McIntyre contested his dismissal in the Fair Work Commission, arguing that he had a legal right to express a political opinion and had been discriminated against for exercising that right. However the case settled so we didn’t get a ruling on the important issues: did the tweets amount to ‘political opinion’, and if they did, do the discrimination law protections trump employer policies?

More recently, the Federal Circuit Court found last month that James Cook University had unlawfully dismissed a physics professor, Peter Ridd, for his public comments critical of climate change research carried out by the University and his colleagues. This case was a bit different though, in that the Court decided Ridd’s position was backed up by his right to intellectual freedom under the University’s enterprise agreement (a common feature of academic employment). 

Later this year the High Court will consider an appeal by Comcare against an Administrative Appeals Tribunal ruling that former federal public servant, Michaela Banerji, was unfairly sacked when she was dismissed for (anonymously) tweeting comments critical of the Australian Government’s immigration policy. The AAT determined that Banerji’s right to make such comments was protected by the implied constitutional freedom of political communication. Her dismissal therefore constituted unlawful administrative action. Seeking to control the anonymous political comments of a departmental employee was likened by the AAT to George Orwell’s ‘thoughtcrime’ in 1984.

In 2017, the Australian Public Service Commission issued a new social media policy which was widely criticised for intruding excessively on the right of government employees to engage in free speech.

And of course we’re now witnessing the Israel Folau case. A Rugby Australia panel this week decided he breached the players’ contract through his social media posts critical of homosexuality. It is yet to decide on a penalty but if he’s sacked, I can definitely see this one being challenged, Folau arguing discrimination on the basis of his religion.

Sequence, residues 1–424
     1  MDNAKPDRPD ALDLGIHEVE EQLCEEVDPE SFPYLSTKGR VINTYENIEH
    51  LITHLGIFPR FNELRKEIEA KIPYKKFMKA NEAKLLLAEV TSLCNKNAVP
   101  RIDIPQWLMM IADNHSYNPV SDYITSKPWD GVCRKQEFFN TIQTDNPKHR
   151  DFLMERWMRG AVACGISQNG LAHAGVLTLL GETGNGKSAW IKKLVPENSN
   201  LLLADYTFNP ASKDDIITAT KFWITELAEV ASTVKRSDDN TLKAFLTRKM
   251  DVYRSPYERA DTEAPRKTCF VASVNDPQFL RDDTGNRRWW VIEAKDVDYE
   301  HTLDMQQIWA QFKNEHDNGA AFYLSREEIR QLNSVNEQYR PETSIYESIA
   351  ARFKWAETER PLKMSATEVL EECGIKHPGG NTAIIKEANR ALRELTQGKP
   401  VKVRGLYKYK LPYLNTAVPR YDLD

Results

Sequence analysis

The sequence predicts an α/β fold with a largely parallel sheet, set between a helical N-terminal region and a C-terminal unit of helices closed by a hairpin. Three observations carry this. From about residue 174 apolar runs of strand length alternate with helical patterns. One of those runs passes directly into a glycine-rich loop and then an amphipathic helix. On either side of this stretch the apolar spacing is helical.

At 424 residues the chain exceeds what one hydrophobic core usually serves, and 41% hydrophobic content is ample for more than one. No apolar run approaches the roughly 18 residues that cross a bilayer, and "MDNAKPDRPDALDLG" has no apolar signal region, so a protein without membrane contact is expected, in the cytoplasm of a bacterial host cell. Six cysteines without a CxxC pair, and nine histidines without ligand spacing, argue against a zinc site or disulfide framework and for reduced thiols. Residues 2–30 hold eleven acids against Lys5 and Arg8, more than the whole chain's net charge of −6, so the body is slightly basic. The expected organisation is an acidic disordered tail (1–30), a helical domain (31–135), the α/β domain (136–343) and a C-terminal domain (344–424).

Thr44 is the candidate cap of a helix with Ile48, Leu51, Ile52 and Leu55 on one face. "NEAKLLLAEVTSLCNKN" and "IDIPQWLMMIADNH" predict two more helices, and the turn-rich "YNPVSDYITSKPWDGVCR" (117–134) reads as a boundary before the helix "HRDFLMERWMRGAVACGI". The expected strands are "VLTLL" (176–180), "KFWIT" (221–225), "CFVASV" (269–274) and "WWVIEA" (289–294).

What will happen in egg woman’s case?

Cotton On’s employee code of conduct is not publicly available – possibly in response to the adverse publicity it received in 2015, when it was revealed that its code required employees to ‘keep it real’ and observe other company values like being ‘fun’, ‘ethical’ and ‘entrepreneurial’ (as reported in the Sydney Morning Herald).

However I expect it will include sufficiently broad language to enable the company to establish that Holt has engaged in misconduct that has damaged its public reputation. An important factor here is that she is alleged to have engaged in high-profile, criminal behaviour. She may try to argue that she was expressing political views, protected by discrimination law, but this doesn’t look like the right ‘test case’ to win that argument.

On the other hand, the steady march of employer policies controlling employees’ private conduct is more likely to be halted where there are clear protections of employee free speech (e.g. academics). Unfortunately most of the Australian workforce is not covered by these protections.